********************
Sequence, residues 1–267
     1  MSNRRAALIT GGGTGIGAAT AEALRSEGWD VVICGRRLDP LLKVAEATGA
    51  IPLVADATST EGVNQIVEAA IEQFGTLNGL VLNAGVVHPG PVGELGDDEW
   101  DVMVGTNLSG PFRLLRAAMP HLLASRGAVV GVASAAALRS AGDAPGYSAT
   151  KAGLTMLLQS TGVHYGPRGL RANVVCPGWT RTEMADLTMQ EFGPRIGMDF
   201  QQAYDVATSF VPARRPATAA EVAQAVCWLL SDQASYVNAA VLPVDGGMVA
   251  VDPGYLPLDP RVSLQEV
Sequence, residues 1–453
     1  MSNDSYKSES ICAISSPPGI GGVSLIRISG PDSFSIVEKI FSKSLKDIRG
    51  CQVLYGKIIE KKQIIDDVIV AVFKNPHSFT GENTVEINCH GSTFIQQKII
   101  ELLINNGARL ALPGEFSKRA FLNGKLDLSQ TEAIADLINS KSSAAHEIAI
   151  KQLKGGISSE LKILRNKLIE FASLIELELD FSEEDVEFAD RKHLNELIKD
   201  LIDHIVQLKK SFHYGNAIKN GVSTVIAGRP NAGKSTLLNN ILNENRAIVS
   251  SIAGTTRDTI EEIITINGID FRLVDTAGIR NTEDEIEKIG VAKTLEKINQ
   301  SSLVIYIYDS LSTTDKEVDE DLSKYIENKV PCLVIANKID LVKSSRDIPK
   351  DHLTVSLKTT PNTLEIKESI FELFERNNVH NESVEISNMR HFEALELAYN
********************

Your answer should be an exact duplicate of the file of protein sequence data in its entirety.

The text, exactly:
Sequence, residues 1–267
     1  MSNRRAALIT GGGTGIGAAT AEALRSEGWD VVICGRRLDP LLKVAEATGA
    51  IPLVADATST EGVNQIVEAA IEQFGTLNGL VLNAGVVHPG PVGELGDDEW
   101  DVMVGTNLSG PFRLLRAAMP HLLASRGAVV GVASAAALRS AGDAPGYSAT
   151  KAGLTMLLQS TGVHYGPRGL RANVVCPGWT RTEMADLTMQ EFGPRIGMDF
   201  QQAYDVATSF VPARRPATAA EVAQAVCWLL SDQASYVNAA VLPVDGGMVA
   251  VDPGYLPLDP RVSLQEV
Sequence, residues 1–453
     1  MSNDSYKSES ICAISSPPGI GGVSLIRISG PDSFSIVEKI FSKSLKDIRG
    51  CQVLYGKIIE KKQIIDDVIV AVFKNPHSFT GENTVEINCH GSTFIQQKII
   101  ELLINNGARL ALPGEFSKRA FLNGKLDLSQ TEAIADLINS KSSAAHEIAI
   151  KQLKGGISSE LKILRNKLIE FASLIELELD FSEEDVEFAD RKHLNELIKD
   201  LIDHIVQLKK SFHYGNAIKN GVSTVIAGRP NAGKSTLLNN ILNENRAIVS
   251  SIAGTTRDTI EEIITINGID FRLVDTAGIR NTEDEIEKIG VAKTLEKINQ
   301  SSLVIYIYDS LSTTDKEVDE DLSKYIENKV PCLVIANKID LVKSSRDIPK
   351  DHLTVSLKTT PNTLEIKESI FELFERNNVH NESVEISNMR HFEALELAYN